There are a few countries whose citizens drink more tea than the British but none of them roll right off the tip of the tongue. If you’re like me, when you think of great tea-drinking peoples throughout history you probably think of the British. Which is why the recent flap over tennis and tea there probably should come as no surprise.
It all has to do with Wimbledon – you’ve probably heard of it. Apparently it’s something of a tradition, at this oldest of the world’s tennis tournaments, to bring your own eats. Given that the attendees are mostly British their drink of choice often turns out to be tea. If you buy a cup of it on the grounds it can be kind of expensive, at about $3.60 in US dollars. The obvious solution, at least until lately, has been to bring your own tea.
Nowadays though, a ban on vacuum flask containers (of the Thermos type) that apparently went into effect last year, is starting to be enforced and tea lovers at Wimbledon are quite out of sorts to find their containers of tea being confiscated.
As one article in the British press noted, “coolboxes and camping chairs are also banned, but bottles of wine and spirits are permitted.” The problem with such containers and the reason for the ban is the possibility that they can be used in improvised explosive devices. Some of the other banned items on the list are a little more obvious, according to an article from an Australian paper that covered the issue. They include “knives, illegal substances, political slogans, ambush marketing, tents, camping chairs, flares, klaxons and long lenses.”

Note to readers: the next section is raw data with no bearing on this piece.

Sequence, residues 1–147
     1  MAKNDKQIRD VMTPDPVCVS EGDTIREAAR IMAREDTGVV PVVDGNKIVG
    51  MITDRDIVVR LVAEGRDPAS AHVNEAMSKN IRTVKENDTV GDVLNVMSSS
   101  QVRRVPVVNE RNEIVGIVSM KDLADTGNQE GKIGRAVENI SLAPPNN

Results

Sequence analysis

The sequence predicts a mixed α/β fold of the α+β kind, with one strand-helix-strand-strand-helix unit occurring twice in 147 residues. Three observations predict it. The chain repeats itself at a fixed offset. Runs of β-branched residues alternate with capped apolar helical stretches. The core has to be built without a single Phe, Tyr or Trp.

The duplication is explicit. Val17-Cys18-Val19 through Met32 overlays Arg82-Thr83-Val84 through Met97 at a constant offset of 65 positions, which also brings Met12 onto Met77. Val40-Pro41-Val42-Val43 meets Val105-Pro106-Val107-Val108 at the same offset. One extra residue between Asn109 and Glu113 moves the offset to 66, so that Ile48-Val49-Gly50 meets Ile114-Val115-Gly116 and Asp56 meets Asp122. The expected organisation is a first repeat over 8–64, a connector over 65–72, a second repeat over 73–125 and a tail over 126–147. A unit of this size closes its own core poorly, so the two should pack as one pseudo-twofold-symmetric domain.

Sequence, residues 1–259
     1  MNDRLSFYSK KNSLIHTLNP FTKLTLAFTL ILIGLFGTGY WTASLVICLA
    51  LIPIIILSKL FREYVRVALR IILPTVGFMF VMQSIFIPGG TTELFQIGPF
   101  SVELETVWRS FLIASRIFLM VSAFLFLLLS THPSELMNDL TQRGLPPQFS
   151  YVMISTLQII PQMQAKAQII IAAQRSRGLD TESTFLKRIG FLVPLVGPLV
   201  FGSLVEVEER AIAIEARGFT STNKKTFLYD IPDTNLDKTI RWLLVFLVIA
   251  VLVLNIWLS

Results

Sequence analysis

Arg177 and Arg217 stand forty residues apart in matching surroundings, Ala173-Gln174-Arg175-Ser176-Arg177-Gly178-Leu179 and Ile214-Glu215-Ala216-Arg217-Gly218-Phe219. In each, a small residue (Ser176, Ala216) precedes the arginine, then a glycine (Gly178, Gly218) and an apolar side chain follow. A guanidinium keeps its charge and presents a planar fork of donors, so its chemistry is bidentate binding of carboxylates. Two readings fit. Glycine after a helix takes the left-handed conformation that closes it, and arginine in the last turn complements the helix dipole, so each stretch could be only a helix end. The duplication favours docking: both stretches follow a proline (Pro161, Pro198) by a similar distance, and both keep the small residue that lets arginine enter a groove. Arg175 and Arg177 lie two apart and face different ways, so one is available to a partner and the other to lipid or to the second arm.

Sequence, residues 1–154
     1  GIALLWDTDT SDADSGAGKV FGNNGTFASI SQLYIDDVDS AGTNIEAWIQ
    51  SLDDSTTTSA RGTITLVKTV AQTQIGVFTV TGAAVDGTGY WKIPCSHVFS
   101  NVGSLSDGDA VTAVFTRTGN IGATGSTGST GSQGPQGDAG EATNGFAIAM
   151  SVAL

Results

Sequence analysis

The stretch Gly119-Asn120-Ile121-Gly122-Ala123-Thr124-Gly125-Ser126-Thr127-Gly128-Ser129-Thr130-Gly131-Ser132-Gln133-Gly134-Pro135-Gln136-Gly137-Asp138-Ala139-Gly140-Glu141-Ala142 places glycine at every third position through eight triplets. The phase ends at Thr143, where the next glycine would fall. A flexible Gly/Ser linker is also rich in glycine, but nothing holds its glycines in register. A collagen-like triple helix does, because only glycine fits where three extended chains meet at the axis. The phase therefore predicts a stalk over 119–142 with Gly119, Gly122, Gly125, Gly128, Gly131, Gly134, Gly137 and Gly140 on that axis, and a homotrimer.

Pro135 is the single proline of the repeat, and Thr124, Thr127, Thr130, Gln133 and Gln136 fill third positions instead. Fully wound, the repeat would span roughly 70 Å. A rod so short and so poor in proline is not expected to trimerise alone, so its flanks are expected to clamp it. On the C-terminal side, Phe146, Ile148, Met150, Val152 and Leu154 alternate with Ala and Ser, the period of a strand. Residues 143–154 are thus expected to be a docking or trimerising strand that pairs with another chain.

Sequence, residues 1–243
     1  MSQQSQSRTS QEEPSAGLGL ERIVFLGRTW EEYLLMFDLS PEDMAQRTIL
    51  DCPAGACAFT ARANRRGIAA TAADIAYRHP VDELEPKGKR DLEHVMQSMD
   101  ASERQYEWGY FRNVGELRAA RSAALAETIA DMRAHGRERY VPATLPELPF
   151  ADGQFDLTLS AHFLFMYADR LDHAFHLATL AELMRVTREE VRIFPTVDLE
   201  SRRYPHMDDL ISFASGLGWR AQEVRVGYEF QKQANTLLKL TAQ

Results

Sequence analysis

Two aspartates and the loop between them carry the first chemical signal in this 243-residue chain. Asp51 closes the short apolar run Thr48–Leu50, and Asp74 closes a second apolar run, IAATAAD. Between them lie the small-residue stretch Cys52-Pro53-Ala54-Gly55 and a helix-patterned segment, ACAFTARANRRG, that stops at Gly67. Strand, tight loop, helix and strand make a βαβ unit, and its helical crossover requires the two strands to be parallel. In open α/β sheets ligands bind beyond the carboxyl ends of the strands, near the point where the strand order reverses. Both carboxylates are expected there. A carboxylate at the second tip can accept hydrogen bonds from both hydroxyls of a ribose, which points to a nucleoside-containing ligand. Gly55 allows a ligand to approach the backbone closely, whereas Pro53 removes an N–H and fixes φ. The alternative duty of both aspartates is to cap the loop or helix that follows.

Not surprisingly, there are still options for taking afternoon tea at Wimbledon (they are British, after all), as you can see at this page at the tournament web site (scroll down). It claims that afternoon tea, which was supposedly invented just about 40 years before the inception of Wimbledon, was served at the very first incarnation of the tournament, in 1877.
Thirty years later, in 1907, a certain Mrs. Hillyard was playing in the event. During a rain delay she apparently overindulged a bit at afternoon tea. Then, when the tournament commenced again, she proceeded to lose and was rather distraught over it all – the implication being that the rain delay and overindulgence at tea negatively affected her tennis game.
See more of William I. Lengeman’s articles here.
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